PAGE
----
The kind of disadvantage you're talking about it is already a structural part of the game.
Not as much as you'd think. Teams pretty much all have three or four days before the end of the postseason to set their rotations. That's why you see so many ace vs. ace matchups in the first two rounds.
Besides, so what? Just because the world isn't equal doesn't mean we have to actively legislate rules to make it more unequal. I mean, sometimes a team may lose their starting center fielder going into the playoffs, but I'd be opposed to a rule where the wildcard had to play a series without their starting center fielder just to make the regular season "count" more.
First, to be clear, MLB probably still wouldn't allow the Wild Card team to play a Division rival in the ALDS because of the "rivalry" and ratings aspect (basically, to maximize any potential Sox/Yanks, Cubs/Cards, Giants/Dodgers series). But generally I don't see how what you're saying is a change from the current system.
I don't see how it's a remedy, either, to randomly reward the second best division winner (note: NOT the one that won 97, 98, or 100 games, but the next one down that won 93-95 in a weaker division) with a weakened opponent.
Second, those A's lost their Division. Under (my) new system they would have needed to win one game at home against the 85-win 2001 Twins. Note that this is the most acutely "unfair" scenario (I can't recall such a gap between a #4 and #5) and yet I still don't have a problem with it. In NCAA March Madness No. 1 seeds like Kansas (35-3) spend a whole season dominating the league and then get beaten by No. 11 VCU (28-12). It's frustrating, it's unfair in some ways, and it's a hell of a lot of fun to watch. Yeah yeah basketball isn't baseball, but the fundamentals are the same -- sports aren't a computer game.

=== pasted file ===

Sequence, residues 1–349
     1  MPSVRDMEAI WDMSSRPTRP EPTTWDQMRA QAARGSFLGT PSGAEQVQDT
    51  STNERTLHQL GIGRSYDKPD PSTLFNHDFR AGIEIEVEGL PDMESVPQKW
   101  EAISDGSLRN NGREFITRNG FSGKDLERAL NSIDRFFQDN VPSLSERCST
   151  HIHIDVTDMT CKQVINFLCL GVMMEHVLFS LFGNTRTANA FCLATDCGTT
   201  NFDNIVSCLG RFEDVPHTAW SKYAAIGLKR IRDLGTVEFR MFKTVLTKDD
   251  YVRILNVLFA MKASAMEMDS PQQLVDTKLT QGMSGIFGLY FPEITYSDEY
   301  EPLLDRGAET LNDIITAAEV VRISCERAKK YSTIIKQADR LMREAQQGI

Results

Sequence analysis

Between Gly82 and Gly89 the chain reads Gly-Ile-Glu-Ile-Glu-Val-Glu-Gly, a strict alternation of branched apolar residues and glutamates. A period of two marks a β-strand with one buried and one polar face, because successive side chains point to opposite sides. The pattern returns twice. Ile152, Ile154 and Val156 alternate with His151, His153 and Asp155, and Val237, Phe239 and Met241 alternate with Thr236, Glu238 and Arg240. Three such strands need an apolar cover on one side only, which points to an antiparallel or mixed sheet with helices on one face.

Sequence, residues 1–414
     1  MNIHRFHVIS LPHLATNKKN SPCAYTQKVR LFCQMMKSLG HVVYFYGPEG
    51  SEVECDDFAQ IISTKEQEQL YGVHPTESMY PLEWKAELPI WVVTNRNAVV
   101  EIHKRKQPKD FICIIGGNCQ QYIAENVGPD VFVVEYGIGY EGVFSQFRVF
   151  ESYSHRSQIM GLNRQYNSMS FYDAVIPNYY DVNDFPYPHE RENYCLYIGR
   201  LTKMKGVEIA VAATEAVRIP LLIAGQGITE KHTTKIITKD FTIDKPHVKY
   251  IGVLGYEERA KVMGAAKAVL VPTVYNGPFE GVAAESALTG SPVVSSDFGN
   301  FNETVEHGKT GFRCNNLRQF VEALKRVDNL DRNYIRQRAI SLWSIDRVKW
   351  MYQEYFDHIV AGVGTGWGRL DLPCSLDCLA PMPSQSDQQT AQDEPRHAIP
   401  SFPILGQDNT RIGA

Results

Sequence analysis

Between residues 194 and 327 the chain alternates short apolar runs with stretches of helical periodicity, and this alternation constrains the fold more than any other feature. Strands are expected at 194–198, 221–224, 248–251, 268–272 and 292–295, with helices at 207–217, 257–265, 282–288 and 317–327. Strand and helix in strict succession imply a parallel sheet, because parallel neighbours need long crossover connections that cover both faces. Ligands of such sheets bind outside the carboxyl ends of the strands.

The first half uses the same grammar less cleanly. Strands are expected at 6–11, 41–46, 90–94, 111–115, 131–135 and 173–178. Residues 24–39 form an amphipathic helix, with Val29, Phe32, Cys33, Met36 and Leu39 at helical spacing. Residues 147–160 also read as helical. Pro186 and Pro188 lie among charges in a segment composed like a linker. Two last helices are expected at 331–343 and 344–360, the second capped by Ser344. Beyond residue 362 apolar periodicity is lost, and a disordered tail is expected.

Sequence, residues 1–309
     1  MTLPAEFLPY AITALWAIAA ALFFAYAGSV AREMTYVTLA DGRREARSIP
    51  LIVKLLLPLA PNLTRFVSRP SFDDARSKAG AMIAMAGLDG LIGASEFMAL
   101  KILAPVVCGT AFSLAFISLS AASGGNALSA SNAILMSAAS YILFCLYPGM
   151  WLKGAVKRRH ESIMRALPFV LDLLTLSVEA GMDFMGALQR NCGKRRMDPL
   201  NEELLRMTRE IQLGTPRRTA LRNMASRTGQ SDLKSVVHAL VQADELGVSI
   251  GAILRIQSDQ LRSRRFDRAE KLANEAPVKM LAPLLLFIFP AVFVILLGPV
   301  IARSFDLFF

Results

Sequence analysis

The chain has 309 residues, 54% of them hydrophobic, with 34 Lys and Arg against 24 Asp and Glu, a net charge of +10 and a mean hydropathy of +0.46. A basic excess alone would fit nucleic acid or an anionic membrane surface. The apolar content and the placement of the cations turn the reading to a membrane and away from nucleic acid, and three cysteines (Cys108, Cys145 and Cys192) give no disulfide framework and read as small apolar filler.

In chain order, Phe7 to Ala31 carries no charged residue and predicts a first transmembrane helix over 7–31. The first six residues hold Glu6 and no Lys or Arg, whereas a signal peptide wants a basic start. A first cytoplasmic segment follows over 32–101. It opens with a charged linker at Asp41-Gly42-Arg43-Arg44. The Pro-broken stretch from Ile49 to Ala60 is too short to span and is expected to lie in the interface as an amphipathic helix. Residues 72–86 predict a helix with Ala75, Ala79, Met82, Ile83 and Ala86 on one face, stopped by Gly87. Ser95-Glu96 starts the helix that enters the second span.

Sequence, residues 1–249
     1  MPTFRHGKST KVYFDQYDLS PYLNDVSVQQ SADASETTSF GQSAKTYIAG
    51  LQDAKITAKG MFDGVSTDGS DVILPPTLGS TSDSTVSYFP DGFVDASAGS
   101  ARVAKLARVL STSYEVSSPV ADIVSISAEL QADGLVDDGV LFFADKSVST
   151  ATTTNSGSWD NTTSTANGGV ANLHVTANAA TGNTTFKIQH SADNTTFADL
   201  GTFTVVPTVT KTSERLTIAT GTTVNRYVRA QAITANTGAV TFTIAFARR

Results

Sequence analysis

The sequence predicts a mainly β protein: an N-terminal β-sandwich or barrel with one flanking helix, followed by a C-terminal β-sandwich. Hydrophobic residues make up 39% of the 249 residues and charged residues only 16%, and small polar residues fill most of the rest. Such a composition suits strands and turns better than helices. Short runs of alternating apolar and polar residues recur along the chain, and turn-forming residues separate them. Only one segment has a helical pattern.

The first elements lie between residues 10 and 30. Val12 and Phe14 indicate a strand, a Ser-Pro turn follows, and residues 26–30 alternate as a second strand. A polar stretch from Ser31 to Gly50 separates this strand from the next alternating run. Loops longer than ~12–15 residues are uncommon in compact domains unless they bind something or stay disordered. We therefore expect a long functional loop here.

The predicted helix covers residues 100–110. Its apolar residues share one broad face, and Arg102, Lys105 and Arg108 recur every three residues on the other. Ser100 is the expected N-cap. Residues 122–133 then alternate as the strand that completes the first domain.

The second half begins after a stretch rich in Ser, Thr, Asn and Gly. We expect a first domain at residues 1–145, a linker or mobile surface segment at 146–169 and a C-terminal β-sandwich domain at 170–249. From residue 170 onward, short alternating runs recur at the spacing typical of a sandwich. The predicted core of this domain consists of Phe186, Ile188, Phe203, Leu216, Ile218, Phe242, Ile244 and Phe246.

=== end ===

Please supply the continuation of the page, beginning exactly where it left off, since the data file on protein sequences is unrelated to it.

First, let me say that the one thing that the NCAA does have going for it is that it determines the champion on the court, in that neither team has a legislated disadvantage once the games begin. That's one of the things I object to about this new MLB proposal.
That said, you've correctly identified why the NCAA tournament, though a whole lot of fun, is really a pretty stupid way to determine the national champion. For one thing, it makes the regular season completely meaningless. I mean, completely
meaningless. If you started the season in February, no one would notice the difference. For another thing, it puts the entire idea of national champion at the mercy of six 40-minute games, meaning that a couple of weird bounces can give you an absolute dog of a national championship game with two teams that couldn't hit water if they fell out of a boat (UConn/Butler, anyone?). As much fun as the first couple of rounds may be, it generally sucks when your national championship is something like a 3 seed vs. a 5 seed. Sure, any sport can have a bad national championship game or series, but the NCAA actually gives you the possibility of having bad teams play for the national title.
If I have to watch the 85-win, not ready for prime time 2001 Twins (who drunkenly stumbled to an 85-77 record after going 30-45 in the second half) get blown out 800-3 by the Yankees again or by the Mariners because the A's randomly ran into a brilliant pitching performance by whoever the Twins ace was at the time (Brad Radke? I don't even remember, and I'm too lazy to look it up), I'm spending my early October enjoying the fall foliage instead of watching crappy baseball.